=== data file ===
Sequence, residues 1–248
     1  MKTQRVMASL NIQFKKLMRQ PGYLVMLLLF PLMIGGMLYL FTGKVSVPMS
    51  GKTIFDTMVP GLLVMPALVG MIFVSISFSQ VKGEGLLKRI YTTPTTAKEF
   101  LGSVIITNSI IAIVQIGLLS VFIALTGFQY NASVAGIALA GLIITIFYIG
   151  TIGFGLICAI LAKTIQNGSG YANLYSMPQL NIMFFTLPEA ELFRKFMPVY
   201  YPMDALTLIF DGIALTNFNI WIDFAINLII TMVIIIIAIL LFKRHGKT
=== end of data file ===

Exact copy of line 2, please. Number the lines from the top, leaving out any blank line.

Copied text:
     1  MKTQRVMASL NIQFKKLMRQ PGYLVMLLLF PLMIGGMLYL FTGKVSVPMS